The first thing people think of when it comes to fertility issues is IVF. However, if your ovulation is infrequent, ovulation induction might be the right treatment for you. Ovulation induction requires taking medication to increase ovulation. 

There are two types of medications used to increase ovulation, oral medications such as Clomid or Follicle Stimulating Hormone (FSH) injections. Here’s the difference between the two.

Oral medications

fertility simulating medicationsThere are many forms of medication taken orally for ovulation induction. 

If a woman has high prolactin (this can be tested by a blood test) there are a number of options to reduce the prolactin.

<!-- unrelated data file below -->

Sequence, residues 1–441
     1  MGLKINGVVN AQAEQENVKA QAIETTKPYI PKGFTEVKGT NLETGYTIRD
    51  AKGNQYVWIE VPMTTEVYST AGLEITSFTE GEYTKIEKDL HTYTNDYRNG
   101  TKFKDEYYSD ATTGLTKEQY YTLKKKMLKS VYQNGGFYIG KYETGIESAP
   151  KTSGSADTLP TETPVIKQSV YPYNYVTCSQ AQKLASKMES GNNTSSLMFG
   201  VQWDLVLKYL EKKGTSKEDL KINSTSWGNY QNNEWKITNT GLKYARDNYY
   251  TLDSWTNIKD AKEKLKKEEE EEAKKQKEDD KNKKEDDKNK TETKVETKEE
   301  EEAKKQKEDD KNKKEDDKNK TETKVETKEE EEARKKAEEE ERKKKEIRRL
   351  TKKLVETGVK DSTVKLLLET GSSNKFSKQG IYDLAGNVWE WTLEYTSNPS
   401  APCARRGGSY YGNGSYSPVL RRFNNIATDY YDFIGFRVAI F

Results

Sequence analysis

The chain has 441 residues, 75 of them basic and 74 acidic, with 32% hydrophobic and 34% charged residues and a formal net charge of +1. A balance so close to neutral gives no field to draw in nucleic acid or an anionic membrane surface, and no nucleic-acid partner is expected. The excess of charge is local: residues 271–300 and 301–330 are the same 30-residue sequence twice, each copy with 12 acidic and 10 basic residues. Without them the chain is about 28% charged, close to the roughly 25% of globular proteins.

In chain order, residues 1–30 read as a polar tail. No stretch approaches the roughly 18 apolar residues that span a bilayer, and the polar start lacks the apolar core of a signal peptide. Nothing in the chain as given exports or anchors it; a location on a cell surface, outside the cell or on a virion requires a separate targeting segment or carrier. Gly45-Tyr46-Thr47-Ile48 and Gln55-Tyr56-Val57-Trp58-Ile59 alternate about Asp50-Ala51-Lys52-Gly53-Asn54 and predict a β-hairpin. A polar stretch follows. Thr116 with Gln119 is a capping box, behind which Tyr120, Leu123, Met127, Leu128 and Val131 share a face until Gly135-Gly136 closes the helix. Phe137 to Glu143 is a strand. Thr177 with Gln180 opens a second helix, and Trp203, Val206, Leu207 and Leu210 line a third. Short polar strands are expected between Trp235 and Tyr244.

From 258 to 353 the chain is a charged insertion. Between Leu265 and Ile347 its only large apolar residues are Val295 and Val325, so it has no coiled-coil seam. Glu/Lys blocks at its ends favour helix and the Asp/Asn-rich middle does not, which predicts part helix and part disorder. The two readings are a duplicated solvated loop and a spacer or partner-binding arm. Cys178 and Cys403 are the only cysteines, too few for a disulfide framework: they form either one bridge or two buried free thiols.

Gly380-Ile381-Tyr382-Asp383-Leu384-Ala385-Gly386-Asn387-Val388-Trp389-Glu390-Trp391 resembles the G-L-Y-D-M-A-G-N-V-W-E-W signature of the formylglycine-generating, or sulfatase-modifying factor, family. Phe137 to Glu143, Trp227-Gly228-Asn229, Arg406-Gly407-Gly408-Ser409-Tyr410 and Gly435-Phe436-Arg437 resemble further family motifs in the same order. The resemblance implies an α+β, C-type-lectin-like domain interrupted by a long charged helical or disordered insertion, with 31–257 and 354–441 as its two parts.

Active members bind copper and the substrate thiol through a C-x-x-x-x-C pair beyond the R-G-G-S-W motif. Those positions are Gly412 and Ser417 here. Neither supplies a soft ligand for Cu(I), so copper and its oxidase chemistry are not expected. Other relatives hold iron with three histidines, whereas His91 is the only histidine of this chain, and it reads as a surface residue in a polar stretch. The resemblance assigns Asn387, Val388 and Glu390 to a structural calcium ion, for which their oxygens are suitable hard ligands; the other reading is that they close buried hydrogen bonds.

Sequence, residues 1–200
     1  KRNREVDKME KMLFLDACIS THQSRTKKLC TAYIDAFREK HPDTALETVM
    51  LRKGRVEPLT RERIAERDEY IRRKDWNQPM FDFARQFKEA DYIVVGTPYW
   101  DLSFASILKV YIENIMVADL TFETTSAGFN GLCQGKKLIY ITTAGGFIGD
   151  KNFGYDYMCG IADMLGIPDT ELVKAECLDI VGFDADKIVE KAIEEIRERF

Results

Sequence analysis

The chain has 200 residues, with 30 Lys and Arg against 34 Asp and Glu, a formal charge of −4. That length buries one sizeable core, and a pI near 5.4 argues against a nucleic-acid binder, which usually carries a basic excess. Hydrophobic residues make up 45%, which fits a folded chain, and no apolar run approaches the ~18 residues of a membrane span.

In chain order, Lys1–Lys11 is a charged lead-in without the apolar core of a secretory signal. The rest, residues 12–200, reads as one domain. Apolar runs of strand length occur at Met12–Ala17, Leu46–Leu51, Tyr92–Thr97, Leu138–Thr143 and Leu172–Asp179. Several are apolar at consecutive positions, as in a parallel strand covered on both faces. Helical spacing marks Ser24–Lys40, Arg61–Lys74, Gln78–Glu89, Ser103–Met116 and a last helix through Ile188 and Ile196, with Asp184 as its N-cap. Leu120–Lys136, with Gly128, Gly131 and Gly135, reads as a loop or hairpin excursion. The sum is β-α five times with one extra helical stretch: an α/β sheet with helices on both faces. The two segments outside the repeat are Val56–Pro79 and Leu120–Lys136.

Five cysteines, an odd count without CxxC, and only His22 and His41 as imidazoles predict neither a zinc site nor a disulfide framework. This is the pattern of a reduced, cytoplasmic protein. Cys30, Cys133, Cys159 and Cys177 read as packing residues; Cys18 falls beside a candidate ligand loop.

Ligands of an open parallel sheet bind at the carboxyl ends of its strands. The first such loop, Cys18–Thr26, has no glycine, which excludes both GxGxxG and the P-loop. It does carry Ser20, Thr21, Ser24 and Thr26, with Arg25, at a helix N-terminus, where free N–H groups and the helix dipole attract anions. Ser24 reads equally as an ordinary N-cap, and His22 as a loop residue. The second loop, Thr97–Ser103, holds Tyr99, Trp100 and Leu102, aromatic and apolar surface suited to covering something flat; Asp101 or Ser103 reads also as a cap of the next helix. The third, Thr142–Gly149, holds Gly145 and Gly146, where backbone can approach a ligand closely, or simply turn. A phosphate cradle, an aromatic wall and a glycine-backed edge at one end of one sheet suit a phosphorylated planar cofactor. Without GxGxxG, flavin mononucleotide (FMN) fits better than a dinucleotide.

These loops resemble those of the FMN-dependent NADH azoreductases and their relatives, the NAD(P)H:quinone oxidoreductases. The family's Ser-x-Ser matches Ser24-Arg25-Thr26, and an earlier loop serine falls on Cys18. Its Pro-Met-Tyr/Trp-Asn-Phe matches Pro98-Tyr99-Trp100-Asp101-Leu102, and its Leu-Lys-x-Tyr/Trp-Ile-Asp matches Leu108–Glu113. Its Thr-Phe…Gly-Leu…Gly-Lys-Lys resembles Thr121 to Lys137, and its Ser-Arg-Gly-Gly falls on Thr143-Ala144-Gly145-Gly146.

If a woman has polycystic ovarian syndrome and is not ovulating, drugs such as letrozole, clomiphene, metformin, tamoxifen, and dexamethasone can be used. Some gynaecologists have expertise in using these but often specialists in fertility who hold a qualification CREI (Certificate in Reproductive Endocrinology and Infertility) will be experts in this area. 

FSH injections

FSH injections are very fine needle injections (using a pen-device) that are to be taken at the same time daily. FSH injections used in low doses work directly on the ovaries to stimulate the growth of one follicle or egg.

Learn more about Ovulation Induction and if it’s right for you.

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